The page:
It also found that engagement of senior leaders is seen by all companies as crucial in driving effective responses and overcoming critical challenges, with 79 per cent of companies citing senior leadership passion and engagement as a key driver of their modern slavery response. As a result, most companies have made modern slavery training and awareness-raising for senior leaders a priority.
- Addressing fundamental business models and sector specific challenges.
82% of companies believe that addressing human rights within their core business model is the most significant strategic indicator of corporate leadership on modern slavery. Examples of issues being examined included sourcing decisions, pricing, last-minute changes to orders, short lead times and sector-specific issues such as seasonal labour recruitment practices. Companies are finding activities to address these issues particularly hard to put into practice.
- Long-term, partnership-based relationships with suppliers.
93% felt long-term relationships and working with suppliers to address issues would be far more effective in the long term than simply switching suppliers to manage short-term risk. The majority of companies were making significant progress on putting this type of approach in place.
- Due diligence.
90% of respondents saw due diligence on core labour standards as crucial. Leading companies are increasingly conducting human rights risk analyses by country, sector or type of labour and prioritizing their salient risks accordingly. 71% had these processes formalized and embedded in their operations.
- Involving workers in finding solutions.
All responding companies are increasingly trying to directly involve workers who are most at risk of modern slavery. This means recognizing that workers themselves need to be actively engaged in mitigating modern slavery risks. Whilst some companies are engaging with trade unions to raise worker voice, only 31% see trade unions as critical stakeholders in addressing modern slavery.
- Corrective action and remediation.
Once an issue of modern slavery is uncovered, 93% of companies highlighted that they have a responsibility not only to do everything in their power to address it, but also to ensure that workers most affected are protected from further harm and compensated appropriately. While companies were making strong progress on corrective actions with suppliers, only 40% of companies had clear remediation plans in place.
- KPIs focused on impact rather than activity.
The majority of responding companies cited developing KPIs that are focused on impact rather than activity as key to improving conditions for workers, yet fewer than 37% of companies have managed to put these in place. All participants highlighted the need for greater effort to develop KPIs that drive the right kinds of outcomes.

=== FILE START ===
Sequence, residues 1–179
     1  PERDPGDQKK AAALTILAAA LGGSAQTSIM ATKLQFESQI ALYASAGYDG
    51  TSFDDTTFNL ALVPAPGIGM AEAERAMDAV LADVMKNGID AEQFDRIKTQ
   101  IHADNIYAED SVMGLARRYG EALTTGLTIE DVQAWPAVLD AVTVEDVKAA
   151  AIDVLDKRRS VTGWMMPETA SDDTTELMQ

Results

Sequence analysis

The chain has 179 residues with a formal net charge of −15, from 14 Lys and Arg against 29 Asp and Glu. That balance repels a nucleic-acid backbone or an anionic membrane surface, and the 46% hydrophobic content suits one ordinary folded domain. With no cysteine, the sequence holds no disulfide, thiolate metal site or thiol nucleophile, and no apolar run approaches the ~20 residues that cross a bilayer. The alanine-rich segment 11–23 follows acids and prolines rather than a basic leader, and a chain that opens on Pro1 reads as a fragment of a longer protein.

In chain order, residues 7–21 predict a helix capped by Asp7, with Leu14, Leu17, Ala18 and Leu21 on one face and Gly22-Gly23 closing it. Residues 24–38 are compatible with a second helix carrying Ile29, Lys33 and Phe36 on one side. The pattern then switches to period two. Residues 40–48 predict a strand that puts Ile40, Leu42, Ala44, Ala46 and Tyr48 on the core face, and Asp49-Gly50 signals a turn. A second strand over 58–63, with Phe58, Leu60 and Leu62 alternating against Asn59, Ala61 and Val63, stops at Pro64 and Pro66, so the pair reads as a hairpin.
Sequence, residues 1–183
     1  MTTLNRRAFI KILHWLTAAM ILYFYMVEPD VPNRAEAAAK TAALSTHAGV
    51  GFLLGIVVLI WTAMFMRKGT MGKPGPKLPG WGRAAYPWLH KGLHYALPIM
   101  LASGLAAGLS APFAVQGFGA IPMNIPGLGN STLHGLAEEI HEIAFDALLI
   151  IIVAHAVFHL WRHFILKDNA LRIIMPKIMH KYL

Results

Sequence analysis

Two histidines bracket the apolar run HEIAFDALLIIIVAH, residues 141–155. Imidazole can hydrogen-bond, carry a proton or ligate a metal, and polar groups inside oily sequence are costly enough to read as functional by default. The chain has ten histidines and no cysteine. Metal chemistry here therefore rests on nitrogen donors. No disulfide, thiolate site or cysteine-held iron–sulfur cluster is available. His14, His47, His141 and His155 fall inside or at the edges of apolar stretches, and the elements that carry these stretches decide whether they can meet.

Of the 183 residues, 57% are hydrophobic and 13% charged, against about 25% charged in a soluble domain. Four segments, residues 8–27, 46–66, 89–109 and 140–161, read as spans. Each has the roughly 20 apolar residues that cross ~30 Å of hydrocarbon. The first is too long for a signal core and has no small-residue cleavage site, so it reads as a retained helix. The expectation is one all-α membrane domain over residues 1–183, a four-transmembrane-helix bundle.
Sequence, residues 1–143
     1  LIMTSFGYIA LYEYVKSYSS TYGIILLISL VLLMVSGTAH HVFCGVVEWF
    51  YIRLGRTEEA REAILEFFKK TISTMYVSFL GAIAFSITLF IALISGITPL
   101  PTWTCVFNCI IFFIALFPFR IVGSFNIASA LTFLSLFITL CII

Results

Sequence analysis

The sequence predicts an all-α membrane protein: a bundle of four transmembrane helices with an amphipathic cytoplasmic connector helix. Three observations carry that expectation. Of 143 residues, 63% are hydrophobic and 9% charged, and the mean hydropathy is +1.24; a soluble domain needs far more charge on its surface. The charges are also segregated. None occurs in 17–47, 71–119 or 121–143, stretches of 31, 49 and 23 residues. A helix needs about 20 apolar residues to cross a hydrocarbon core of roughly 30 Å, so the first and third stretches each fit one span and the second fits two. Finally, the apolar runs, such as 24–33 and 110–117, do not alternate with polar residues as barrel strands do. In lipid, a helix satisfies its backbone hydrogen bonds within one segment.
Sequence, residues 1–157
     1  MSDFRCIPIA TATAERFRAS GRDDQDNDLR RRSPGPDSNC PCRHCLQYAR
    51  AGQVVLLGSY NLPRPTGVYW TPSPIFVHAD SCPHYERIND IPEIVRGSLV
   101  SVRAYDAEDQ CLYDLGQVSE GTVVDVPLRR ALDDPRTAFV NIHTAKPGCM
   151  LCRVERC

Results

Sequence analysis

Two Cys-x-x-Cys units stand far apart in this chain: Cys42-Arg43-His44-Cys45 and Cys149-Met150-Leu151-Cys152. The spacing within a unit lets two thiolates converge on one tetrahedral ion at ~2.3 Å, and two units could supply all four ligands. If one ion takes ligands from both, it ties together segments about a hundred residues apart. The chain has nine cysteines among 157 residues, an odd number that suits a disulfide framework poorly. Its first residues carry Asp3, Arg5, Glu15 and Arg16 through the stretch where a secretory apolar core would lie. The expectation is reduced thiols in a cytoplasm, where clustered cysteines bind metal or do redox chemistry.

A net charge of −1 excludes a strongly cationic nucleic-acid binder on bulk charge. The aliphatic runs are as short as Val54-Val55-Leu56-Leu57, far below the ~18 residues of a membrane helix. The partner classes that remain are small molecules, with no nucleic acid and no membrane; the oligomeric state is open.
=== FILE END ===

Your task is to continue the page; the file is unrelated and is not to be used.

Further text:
Companies report greater levels of collaboration since the Modern Slavery Act was passed. Companies recognized their role as just one of many actors on modern slavery, and that they cannot deal with modern slavery risks alone. They are collaborating with, and want to partner more with other companies, suppliers, governments, trade unions
and NGOs to develop effective solutions to address modern slavery.
CEOs and other senior figures have a key role to play in engaging with these external stakeholders, whether with industry peers, governments or NGOs. In many cases, they are using this external engagement to refine the company’s own strategy – i.e., what are others doing? Where can we lead? Where can we support? Leaders are driving the discussion on what can be done on a strategic, industry level to address modern slavery challenges.
Companies strongly believe effective engagement and action in partnership with governments, NGOs and charities, and other local stakeholders is critical for significant change, as many of the systemic, underlying challenges of modern slavery are linked to a lack of government policy or enforcement i.e. insufficient regulation or enforcement of standards to protect migrant workers.
Ultimately, addressing the risk of modern slavery is about addressing the human rights risks to people – whether they are directly employed, agency workers, or are working in the supply chain. Though there is much more work to do, it is encouraging to see the steps, leading businesses are taking, and as more good practice emerges it is hoped that more companies will be able to make faster progress for those who are most at risk.
Read more about the research, including full report and case studies, at www.ashridge.org.uk/modernslavery and www.ethicaltrade.org.